We’re here now. With roof, and kitchen. Community. Plans for a garden. It is a wonder to me now that we resisted the temptation to carry on as gypsies forever. The further we let ourselves drift away from the clutter and noise of reality, the more absurd the conventions of our lives always seem to appear. The open road and an empty agenda make few demands of a person – curiousity, patience, willingness, a sense of humor, maybe a toothbrush. Tall grasses, mountains, and the wind gently whisper permission to step out from the rigid set of ideas, requirements, expectations we’ve set for ourselves and make space for new truths and new understandings of what our purpose is on this planet.
It’s easy to romanticize the freedom of it all – no sense of time, place, before, or after. And it’s important. To leave, to get away, to lose oneself to it all. But I think it’s also important to come back. There is an even more profound freedom to be experienced when we recognize that we have the power to create that same sense of adventure, inhibition, and joy in our daily lives. That is my intention. To let myself be free everyday. Wherever I am, wherever I go, wherever I don’t.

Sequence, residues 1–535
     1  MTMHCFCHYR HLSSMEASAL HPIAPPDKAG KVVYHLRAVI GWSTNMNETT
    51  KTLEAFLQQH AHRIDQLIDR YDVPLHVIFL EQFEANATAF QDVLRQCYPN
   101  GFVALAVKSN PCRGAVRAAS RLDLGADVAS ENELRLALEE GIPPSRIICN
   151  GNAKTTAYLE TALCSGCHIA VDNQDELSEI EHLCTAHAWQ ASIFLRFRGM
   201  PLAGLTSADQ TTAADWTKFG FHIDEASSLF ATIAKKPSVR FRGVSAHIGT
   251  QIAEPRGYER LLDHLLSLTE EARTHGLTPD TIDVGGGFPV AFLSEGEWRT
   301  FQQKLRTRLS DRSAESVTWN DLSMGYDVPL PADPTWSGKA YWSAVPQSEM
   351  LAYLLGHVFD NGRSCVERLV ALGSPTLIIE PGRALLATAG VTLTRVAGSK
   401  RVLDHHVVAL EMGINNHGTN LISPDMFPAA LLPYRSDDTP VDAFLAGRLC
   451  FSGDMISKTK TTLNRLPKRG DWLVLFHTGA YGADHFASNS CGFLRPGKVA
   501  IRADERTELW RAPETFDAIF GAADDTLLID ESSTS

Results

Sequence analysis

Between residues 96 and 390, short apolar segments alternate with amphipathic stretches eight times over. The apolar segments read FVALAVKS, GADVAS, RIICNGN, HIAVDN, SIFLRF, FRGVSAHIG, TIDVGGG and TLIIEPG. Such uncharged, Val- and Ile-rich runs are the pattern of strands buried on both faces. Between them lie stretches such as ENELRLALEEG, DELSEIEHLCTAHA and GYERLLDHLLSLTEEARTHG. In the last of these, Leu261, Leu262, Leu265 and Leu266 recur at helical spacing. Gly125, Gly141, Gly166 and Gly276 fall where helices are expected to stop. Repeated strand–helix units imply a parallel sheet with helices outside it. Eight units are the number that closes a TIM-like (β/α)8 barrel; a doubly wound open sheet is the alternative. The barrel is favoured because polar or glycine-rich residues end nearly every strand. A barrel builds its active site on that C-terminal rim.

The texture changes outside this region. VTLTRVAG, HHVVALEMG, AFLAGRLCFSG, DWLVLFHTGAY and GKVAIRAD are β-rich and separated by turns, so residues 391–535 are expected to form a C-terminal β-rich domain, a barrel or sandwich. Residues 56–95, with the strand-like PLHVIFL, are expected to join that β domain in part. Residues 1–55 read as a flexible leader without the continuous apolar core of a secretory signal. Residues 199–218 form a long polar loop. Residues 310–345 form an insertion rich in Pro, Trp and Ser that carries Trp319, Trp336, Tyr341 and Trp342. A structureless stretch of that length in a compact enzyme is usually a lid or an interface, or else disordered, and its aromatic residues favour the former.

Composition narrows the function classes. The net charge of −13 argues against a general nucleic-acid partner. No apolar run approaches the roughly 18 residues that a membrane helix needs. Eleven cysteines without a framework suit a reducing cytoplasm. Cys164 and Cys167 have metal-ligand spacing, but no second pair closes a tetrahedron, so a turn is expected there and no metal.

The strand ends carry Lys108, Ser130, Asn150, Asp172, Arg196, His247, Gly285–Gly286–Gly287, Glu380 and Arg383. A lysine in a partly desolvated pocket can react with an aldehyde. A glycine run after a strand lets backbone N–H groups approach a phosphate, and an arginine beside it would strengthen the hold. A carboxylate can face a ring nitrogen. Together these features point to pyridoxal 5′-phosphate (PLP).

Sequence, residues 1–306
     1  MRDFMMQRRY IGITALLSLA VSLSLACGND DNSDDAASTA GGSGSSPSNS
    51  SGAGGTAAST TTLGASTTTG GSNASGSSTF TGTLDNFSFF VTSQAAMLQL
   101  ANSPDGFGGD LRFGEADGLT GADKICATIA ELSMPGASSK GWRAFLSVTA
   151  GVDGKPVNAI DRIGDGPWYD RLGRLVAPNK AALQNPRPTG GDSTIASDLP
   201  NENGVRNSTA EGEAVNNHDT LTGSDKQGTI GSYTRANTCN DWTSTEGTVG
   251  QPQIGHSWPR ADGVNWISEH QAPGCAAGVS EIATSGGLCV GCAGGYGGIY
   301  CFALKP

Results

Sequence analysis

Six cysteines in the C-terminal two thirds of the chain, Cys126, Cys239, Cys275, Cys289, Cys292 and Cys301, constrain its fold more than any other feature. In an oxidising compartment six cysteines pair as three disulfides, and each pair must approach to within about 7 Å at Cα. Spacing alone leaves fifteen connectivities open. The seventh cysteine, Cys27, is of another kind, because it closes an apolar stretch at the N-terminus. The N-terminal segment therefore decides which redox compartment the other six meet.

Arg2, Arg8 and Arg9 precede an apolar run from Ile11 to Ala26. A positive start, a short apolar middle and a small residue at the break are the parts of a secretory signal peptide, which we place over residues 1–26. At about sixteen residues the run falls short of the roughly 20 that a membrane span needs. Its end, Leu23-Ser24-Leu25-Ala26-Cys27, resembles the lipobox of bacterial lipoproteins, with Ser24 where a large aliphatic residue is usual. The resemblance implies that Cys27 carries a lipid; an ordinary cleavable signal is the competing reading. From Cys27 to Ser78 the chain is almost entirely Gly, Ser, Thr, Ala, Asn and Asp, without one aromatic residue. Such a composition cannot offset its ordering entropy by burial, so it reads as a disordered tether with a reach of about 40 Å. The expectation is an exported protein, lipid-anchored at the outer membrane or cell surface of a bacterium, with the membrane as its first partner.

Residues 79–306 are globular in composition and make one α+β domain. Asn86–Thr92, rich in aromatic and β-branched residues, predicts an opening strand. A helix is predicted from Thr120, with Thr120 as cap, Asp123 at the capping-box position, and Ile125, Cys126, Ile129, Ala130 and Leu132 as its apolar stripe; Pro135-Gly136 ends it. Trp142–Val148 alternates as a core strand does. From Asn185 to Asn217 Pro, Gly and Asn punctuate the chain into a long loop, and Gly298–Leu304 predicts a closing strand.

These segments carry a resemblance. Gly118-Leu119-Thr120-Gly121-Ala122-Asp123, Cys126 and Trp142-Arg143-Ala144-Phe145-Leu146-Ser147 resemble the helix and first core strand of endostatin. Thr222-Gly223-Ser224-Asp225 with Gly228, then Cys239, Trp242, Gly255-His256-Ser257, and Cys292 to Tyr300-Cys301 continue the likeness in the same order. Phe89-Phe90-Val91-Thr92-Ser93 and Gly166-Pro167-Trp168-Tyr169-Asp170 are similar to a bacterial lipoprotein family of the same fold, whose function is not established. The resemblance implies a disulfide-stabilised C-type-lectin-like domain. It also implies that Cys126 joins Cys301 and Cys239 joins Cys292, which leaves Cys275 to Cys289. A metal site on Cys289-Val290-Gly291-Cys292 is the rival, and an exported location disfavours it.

Thank you for your love, kindness, and support over the past month as we’ve meandered to our new resting place here in Colorado. Cheers to the next chapter.
* Open fire scramble technique borrowed from “Cooking in the Moment” by Andrea Reusing.* * Video shot in our favorite parts of Alaska. For more behind the scenes action on our Alaska visit, see here.
“When you wake up in the morning, Pooh,” said Piglet at last, “what’s the first thing you say to yourself?”
“What’s for breakfast?” said Pooh. “What do you say, Piglet?”
“I say, I wonder what’s going to happen exciting today?” said Piglet.
Pooh nodded thoughtfully.
“It’s the same thing,” he said.
Broiled Asparagus, a Poached Egg, and Charred Spring Onion and Garlic over Grits
1 cup coarse grits (polenta)
1 bundle (about a pound) asparagus
3 spring onions
2 stalks spring garlic
Lemon juice, lemon zest
olive oil / butter